By Taylor Simpson
Imagine living in a neighborhood where people speak a different language in every house on your block. Now imagine that it’s your job to work with the people in each of those houses to get them all speaking a common language that enables them to work together toward a common goal. Finally, imagine that your own well-being depends upon how well the people in the various houses communicate with each other.
Does that sound like a difficult task?
Of course it does, and essentially, it is one of the biggest challenges that health information exchanges (HIEs) across the nation currently face. Each hospital and clinic has its own electronic health record (EHR) system in which patients’ medical records are stored. Each EHR speaks its own language, making it difficult to exchange data between different EHR systems at different locations.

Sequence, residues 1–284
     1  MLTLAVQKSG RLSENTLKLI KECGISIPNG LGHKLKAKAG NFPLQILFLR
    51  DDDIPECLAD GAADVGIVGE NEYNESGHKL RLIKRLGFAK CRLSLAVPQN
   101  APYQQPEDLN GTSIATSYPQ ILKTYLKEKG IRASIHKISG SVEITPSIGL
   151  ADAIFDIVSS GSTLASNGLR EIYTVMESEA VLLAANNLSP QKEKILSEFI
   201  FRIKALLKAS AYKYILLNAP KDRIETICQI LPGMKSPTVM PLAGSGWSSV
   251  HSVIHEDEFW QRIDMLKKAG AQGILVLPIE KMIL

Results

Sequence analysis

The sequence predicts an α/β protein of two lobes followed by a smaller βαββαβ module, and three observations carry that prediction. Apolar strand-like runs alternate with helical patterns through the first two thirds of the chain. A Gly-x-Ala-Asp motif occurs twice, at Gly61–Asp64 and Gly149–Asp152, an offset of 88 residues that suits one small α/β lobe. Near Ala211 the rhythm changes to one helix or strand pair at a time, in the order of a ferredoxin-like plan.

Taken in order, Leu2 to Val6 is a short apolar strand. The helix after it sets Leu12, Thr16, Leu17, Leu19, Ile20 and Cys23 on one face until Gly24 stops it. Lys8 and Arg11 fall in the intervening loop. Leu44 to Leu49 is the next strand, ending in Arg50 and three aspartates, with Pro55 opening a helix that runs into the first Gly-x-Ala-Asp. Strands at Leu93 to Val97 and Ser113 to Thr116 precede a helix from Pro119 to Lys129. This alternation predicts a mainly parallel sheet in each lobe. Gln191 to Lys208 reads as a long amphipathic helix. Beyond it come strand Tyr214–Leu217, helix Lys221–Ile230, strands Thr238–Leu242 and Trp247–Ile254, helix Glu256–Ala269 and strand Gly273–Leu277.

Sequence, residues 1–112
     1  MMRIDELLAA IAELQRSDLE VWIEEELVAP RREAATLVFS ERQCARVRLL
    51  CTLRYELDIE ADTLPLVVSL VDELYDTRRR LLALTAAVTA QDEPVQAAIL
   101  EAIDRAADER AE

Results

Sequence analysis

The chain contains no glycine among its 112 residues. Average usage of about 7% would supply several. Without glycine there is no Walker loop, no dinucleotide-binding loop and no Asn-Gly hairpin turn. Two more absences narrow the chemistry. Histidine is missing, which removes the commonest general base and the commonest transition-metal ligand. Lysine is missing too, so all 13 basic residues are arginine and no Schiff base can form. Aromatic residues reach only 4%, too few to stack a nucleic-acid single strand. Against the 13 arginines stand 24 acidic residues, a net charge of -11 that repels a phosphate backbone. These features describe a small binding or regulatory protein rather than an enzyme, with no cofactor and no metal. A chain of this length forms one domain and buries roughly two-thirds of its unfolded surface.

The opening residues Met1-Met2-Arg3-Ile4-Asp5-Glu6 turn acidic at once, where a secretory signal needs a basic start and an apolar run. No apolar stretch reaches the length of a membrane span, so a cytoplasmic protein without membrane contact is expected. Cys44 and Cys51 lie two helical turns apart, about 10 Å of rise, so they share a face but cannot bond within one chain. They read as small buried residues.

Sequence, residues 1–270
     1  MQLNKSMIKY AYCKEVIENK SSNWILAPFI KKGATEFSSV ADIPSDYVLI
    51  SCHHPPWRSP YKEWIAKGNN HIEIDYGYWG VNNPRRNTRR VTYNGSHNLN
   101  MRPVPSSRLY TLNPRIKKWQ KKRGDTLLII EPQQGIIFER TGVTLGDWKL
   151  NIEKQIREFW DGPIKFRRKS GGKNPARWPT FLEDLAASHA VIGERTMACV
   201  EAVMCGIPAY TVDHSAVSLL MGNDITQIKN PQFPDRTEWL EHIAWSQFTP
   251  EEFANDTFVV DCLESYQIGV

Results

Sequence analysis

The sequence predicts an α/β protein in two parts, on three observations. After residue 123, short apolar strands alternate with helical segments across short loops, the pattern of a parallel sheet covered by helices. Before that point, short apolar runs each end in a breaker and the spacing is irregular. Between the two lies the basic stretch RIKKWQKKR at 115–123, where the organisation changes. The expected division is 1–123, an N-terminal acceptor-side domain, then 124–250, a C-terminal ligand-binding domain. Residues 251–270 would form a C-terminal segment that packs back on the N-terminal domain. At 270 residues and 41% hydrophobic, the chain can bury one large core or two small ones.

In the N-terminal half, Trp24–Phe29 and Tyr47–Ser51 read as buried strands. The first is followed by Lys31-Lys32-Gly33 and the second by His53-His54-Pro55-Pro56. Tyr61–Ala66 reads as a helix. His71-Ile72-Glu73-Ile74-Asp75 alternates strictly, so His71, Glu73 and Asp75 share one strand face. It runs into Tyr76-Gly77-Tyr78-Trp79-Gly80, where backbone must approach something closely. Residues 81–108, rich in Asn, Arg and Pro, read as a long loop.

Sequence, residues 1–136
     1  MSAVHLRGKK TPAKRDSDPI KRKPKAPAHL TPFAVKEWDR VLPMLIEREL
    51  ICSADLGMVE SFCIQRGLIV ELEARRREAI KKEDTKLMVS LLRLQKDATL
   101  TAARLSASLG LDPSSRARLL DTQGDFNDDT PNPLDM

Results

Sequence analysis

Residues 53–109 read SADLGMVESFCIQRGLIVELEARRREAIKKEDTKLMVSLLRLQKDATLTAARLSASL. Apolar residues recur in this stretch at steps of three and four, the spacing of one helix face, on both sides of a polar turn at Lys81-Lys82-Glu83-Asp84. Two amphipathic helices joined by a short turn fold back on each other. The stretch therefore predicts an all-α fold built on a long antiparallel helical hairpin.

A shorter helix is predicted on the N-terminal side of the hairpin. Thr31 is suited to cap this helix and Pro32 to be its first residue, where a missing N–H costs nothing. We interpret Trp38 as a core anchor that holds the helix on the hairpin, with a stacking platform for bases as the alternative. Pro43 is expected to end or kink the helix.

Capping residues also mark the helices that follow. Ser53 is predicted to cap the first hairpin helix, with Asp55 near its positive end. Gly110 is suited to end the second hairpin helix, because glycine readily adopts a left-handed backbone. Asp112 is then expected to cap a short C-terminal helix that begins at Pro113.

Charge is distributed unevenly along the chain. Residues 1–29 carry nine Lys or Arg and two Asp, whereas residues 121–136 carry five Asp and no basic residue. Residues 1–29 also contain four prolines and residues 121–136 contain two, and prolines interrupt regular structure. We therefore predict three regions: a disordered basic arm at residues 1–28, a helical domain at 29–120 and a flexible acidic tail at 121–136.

But how does this affect you?
As a patient, you may receive care at multiple locations and perhaps you would like for the health care providers at all those facilities to have access to your information. Without having a common language, it’s difficult to exchange that data between providers at different locations quickly and easily. However, if each facility speaks a common language, it enables better transfer of information, potentially leading to better care because those providers have more complete and timely information with which they can better treat you.
HIEs across the country, and the Louisiana Health Information Exchange (LaHIE) in particular, are paving the way for standardization of communication between providers, partnering with EHR vendors, government agencies and non-profit organizations to push forward the use of “common languages” between organizations that provide health care for you.
The goal is to have everyone involved in your community of care speaking the same language, so that your health records flow seamlessly and quickly from provider to provider and are available where and when they’re needed. For patients like you, the end result of having this ‘common language’ in place will be better, safer care, and that’s a language we can all speak.